• Data captured by a device must be wirelessly synced/connected

Data monitoring services must be performed by a physician, a Qualified Healthcare Professional, or clinical staff (including nurses and medical assistants), subject to state law.

What is Chronic Care Management (CCM)?

Chronic care management (CCM), introduced by CMS in 2015, enabled providers to be paid for care that was provided between office visits. CCM CPT® codes cover clinical staff time for establishing, implementing, revising, and monitoring comprehensive care plans for patients with two or more chronic conditions that put the patient at significant risk.

Patients in chronic care management programs are often great candidates for remote patient monitoring. Prevention plans are the heart of a CCM program. Daily vital sign monitoring can help ensure that prevention plan is working. RPM provides unique access to more patient data without putting the burden of manually tracking readings on the patients. RPM and CCM can be a great complement to each other, and patients can participate in both programs.

RPM vs. CCM Requirements

Unlike CCM, RPM does not require a specific diagnosis. CCM requires multiple conditions lasting at least 12 months for eligibility, so many patients that are not eligible for CCM, will still be eligible for RPM. RPM can also be used for acute applications, beyond chronic conditions, such as medication management, behavioral health, and more. CCM and RPM use different CPT® codes, so a practice can bill for both but cannot apply the same minutes of care team time to multiple CPT® codes.

Additional requirements exist for billing each potential CPT® code for remote patient monitoring and are covered in the billing stage of the playbook.

How RPM Works

RPM has 4 primary steps – all of which we will dive into more detail in subsequent stages of the playbook.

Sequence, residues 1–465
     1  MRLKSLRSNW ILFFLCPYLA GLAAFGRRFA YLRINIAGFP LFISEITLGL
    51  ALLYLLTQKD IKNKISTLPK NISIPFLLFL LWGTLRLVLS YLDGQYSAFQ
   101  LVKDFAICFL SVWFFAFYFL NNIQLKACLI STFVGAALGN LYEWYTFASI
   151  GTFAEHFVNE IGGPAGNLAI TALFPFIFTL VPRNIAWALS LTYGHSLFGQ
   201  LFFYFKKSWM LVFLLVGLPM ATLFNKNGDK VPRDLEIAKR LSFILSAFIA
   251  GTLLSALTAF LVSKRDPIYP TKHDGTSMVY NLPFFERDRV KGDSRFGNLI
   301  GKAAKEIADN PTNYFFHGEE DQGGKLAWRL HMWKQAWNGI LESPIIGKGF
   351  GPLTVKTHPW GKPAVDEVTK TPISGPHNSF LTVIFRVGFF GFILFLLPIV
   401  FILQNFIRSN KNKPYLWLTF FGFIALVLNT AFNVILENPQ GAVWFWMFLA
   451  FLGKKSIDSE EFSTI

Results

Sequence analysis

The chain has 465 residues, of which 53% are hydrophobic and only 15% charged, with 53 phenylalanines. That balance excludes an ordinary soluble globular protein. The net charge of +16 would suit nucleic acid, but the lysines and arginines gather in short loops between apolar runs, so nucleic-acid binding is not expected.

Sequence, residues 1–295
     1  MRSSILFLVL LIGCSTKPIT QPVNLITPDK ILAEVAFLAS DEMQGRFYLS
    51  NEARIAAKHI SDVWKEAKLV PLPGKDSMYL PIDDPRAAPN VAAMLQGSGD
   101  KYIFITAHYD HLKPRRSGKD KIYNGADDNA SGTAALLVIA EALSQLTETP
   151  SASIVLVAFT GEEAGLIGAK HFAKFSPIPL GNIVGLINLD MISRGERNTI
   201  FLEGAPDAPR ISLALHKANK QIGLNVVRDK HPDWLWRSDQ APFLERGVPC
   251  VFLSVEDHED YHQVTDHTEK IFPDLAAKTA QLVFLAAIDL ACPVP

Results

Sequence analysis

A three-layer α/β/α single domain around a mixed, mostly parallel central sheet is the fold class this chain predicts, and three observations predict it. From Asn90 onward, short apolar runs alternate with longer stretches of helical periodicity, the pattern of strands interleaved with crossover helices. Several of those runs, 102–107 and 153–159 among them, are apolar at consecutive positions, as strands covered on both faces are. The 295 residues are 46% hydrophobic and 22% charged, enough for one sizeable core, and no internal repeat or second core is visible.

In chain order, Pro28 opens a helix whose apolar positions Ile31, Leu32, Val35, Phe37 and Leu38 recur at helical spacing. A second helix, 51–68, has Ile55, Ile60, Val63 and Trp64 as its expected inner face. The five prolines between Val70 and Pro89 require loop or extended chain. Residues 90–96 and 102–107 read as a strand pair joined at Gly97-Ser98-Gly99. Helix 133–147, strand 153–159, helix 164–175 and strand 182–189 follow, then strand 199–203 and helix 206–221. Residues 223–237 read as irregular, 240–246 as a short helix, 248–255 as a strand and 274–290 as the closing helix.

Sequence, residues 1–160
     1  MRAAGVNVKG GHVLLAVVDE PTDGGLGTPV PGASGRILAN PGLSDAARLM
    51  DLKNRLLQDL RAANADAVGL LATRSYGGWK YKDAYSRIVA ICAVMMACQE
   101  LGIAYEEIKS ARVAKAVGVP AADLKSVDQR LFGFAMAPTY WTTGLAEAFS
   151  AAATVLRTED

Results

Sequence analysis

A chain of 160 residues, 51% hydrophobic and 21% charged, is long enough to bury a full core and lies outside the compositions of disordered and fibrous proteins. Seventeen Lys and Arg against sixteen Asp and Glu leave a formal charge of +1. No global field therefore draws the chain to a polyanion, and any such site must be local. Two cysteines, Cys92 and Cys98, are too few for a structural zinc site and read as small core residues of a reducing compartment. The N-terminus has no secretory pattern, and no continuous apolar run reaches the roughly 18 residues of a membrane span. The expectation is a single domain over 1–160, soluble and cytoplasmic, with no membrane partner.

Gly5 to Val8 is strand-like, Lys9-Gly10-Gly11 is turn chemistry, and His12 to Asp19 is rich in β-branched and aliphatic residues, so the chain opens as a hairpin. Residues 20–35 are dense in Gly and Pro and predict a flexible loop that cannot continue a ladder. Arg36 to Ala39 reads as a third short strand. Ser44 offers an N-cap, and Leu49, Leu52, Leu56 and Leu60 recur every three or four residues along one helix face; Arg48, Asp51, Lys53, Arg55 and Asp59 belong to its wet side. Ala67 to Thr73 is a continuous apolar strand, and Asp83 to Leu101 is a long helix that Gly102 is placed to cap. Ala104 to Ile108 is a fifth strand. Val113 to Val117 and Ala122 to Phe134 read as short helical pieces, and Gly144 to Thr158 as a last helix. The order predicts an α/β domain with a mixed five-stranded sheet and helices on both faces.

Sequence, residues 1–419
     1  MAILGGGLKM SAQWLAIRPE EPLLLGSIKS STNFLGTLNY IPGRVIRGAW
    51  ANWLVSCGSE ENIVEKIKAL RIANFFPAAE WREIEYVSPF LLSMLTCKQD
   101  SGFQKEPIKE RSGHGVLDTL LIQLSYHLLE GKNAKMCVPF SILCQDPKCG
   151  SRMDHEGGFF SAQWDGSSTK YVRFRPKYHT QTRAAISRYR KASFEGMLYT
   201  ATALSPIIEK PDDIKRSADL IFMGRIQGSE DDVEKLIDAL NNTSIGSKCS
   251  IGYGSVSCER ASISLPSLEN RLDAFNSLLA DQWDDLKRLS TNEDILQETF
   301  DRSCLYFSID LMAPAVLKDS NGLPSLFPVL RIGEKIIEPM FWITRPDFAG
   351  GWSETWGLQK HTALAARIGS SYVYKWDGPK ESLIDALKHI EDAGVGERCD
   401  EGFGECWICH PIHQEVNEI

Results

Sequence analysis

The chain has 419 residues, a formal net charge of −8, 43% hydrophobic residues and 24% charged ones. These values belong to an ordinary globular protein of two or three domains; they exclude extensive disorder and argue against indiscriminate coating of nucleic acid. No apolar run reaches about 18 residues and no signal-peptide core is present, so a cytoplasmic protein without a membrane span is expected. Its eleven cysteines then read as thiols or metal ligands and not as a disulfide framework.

1. Patient Onboarding: Key steps in the patient onboarding process include identifying an RPM-eligible patient, securing an order for RPM from the provider, collecting patient consent (written or verbal), and completing a patient onboarding appointment for device setup and education.
  2. Transmission and Collection of Physiological Data: Once the patient is educated on how to use their RPM-enabled device, it is their responsibility to take regular readings at home, which will be automatically transmitted to the provider. An important RPM distinction is that the monitoring is done at the patient’s home or long-term care facility. It is not the same as inpatient monitoring which is done in a hospital by clinical staff.

Ongoing Monitoring and Engagement: Clinical staff establish clinical goals, treatment plans, and escalation policies to improve patient conditions. They serve as health coaches and advocates, engaging with patients and developing trusted relationships.
Billing and Reimbursement: RPM requires dedicated clinical and support staff time (from your own staff or your RPM partner). CMS will reimburse clinics for their time and investment.  

What is Fueling the Growth in RPM?

Remote patient monitoring is expected to grow at an average annual rate of 23 percent to hit $85 billion in the United States by the end of 2026. The increasing age of the population as well as the prevalence of chronic diseases is driving healthcare expenditures and the need for more preventative measures to reduce costs.

More than 40 percent of Americans – 133 million – have a chronic condition and 81 million Americans have more than one chronic condition. 90 percent of the $3.8 trillion spent on healthcare in the U.S., or 17.7 percent of the total US economy, is for chronic and mental health conditions. This is creating a healthcare spending crisis in the United States, where on average, the US spends twice as much as other wealthy nations on healthcare.

With those statistics, it’s no surprise that CMS is shifting towards value-based care and preventative medicine. The New England Journal of Medicine defined the benefits of value-based care for each stakeholder in the healthcare landscape:

The shift to value-based care means looking holistically at the resources available and the best ways to deliver care that improves outcomes while lowering costs. In other words, reserving the most expensive resources – acute care hospital stays – for only the patients and procedures that absolutely require it and using less expensive resources, like home-based care, when possible.